This report by the ETUI research institute of the European Trade Union Confederation presents a detailed map of inequality in Europe and its recent evolution in the context of the coronavirus pandemic.
“Inequalities have always been regarded as divisive and socially corrosive, but for some time now this has been more than an intuition; the data have not only shown that these are wide-ranging effects but also that the differences between societies are large, but even small differences in the amount of inequality matter and, although the poor are affected the worst, that inequality affects almost everybody”, writes Kate Pickett, who highlights the confluence of the pandemic with existing socio-economic and health inequalities. Although the pandemic has certainly affected all classes of society, pre-existing inequalities have amplified the negative effect of the pandemic: “more people become sick, more people are sicker than they would otherwise have been, and more people have died, because of those pre-existing patterns of equality”. For instance, workers in low-paid jobs have often been unable to shield themselves from infection, either because their work was considered essential and they were unable to shelter at home, or because they could not afford not to go to work.
Every crisis prompts pledges of reform, most of which are never acted upon. There is every possibility that this will be the case once again with the coronavirus pandemic. The author nonetheless calls for a democratic, economic and social revolution. In addition to tax reform aiming to tax the wealthiest individuals more, Pickett talks of the introduction of a form of universal minimum income, but also of improved representation of employees within companies and the annual transfer of company shares into a fund controlled by employees. This restructuring of capitalism would be part of a more inclusive procedure, taking account of the inequalities and concerns of all citizens. “Inequality is also at the heart of the climate crisis” and it is futile to consider that the energy transition might be possible without taking account of this, Pickett explains, pointing out that the gilets jaunes movement in France is a perfect demonstration of how a feeling of injustice can prevent public acceptance of a tax measure presented as a means to reduce fuel consumption.
“Just as big an obstacle to sustainability is consumerism and over-consumption which, driven by the state that is intensified by inequality, creates pressures and demands for ever higher incomes and leads people to see sustainability as a threat to living standards rather than as an opportunity for an more fulfilling and balanced way of life”, Pickett explains. She goes on to recognise that there are also genuine calls for change among the population: “in Britain, polls suggest that only about one in ten of us would actually like life to go back to the ‘old normal’ [i.e. before the pandemic]. That feels like a strong mandate for change. And what people want is not just stronger health and public services and better treatment and pay for essential workers; they also want a more compassionate society that cares for people struggling with their mental or physical health, that gives people a better work-life balance and more control over their work (including where and for how long they work) and that cares about the environment”.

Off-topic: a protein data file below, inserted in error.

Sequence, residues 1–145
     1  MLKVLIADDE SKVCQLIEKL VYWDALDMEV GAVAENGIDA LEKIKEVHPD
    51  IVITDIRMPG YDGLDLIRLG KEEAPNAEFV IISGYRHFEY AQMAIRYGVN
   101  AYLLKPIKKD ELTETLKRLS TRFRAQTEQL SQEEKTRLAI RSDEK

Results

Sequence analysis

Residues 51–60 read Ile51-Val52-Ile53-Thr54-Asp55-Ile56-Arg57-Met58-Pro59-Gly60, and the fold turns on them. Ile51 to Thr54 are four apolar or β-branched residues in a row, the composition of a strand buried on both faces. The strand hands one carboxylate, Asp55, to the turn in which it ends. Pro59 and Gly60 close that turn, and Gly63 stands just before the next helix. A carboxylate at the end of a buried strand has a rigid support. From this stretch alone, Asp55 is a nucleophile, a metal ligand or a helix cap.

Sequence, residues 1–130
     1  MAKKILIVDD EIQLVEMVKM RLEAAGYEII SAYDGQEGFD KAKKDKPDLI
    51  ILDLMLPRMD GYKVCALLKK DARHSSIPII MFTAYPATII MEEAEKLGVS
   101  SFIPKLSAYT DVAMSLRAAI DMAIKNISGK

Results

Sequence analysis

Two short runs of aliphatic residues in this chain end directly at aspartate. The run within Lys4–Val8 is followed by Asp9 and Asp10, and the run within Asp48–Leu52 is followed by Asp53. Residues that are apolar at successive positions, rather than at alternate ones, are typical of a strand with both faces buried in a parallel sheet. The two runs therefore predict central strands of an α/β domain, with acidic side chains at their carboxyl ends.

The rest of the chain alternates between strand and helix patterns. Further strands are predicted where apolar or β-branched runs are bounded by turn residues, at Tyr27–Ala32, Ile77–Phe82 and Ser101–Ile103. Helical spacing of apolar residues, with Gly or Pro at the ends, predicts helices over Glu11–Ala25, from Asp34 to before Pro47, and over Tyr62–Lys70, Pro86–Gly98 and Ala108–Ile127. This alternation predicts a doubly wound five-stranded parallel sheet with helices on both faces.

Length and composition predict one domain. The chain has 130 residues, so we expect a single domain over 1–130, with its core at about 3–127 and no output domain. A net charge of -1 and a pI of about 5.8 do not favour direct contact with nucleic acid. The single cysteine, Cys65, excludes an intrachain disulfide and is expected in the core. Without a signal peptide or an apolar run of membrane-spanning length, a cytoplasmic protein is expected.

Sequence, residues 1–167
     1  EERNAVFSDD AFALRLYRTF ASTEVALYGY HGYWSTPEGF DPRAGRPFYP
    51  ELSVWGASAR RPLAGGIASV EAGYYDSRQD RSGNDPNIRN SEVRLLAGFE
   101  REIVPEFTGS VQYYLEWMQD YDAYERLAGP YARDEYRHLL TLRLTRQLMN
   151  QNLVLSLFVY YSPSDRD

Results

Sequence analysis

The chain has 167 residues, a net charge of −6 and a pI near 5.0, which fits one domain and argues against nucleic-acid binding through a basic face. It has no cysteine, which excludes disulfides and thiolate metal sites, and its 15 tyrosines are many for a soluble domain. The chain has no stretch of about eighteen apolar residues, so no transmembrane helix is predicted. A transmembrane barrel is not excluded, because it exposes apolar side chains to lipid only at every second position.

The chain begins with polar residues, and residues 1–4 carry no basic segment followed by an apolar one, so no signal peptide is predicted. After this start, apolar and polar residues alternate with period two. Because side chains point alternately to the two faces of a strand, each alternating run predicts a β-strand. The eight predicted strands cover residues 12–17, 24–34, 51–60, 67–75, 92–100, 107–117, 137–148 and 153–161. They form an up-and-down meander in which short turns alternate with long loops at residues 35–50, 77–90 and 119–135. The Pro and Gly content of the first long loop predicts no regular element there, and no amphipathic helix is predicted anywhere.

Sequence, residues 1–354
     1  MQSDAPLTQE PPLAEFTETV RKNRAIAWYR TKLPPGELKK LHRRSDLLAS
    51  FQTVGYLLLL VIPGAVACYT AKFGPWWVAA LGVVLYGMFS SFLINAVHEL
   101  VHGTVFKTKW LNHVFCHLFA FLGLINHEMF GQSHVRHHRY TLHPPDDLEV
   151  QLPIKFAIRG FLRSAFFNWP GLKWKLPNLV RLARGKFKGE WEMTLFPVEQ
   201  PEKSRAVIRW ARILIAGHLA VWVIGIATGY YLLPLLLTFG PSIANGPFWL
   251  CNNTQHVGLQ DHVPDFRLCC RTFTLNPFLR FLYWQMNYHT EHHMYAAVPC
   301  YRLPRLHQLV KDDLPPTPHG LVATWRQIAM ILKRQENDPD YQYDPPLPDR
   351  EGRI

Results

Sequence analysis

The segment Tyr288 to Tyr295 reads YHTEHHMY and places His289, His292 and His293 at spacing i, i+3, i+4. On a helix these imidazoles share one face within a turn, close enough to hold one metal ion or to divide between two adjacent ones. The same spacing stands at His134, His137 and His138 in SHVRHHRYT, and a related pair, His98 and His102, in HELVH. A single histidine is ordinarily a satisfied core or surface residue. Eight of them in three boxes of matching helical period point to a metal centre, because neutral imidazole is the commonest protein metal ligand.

In a joint article about the employment market, Wouter Zwysen et al. regret the fact that the action plan on the European Pillar of Social Rights (approved in Porto in May 2021) fails to rebalance the priority accorded to the modernisation and inclusiveness of the labour market over living and working conditions. They consider that the emphasis should instead be placed on training and adapting workers’ skills to changes brought about by the digital and green transitions. The authors also expressed concerns about whether the European Pillar of Social Rights has been taken into account in the National Recovery and Resilience Plans (NRRP) approved under the implementation of the recovery and resilience facility (the European post-Covid-19 envelope of 672.5 billion euros).
Torsten Müller et al. warn that the proposed directive on the minimum wage currently under discussion may end up not being a directive worthy of the name. If it is to help to reduce inequality and poverty, the directive must as a minimum place an obligation on member states to take measures to ensure that the minimum wage is not less than the ‘double decency threshold’, in other words 60% of the median wage and 50% of the average wage, and that the average rate of collective bargaining coverage is at least 70%. The authors argue that the directive will make sense only if it has the effect of reducing the number of people earning a minimum wage and living in poverty. “The proposed directive on adequate minimum wages is one of the last chances to prove to the millions of workers who cannot make a decent living from what they earn that initiatives like the European Pillar of Social Rights and, more recently, the Porto Social Commitment are more than just window dressing. A failure of the proposed directive in ensuring that improvements for minimum wage earners would further undermine the legitimacy of the European integration project and strengthen right-wing populist forces with a clear nationalist and anti-European agenda”, the authors conclude. (OJ)
Kate Pickett et autalres. Benchmarking Working Europe 2021 – Unequal Europe. European Trade Union Institute (ETUI). ISBN: 978-2-8745-2615-2. 186 pages. The paper version costs €30. The report can also be downloaded free of charge from the website of the European Trade Union Institute: http://www.etui.org
The Black Sea Region and European Security
Paul Taylor has just published a lengthy study for Friends of Europe on the Black Sea region, which has become “one of the most bitterly contested and dangerous strategic zones” within the neighbourhood of Europe. He stresses that current tensions surrounding Ukraine further reinforces the urgent need to stabilise this region and sets out various recommendations to this end.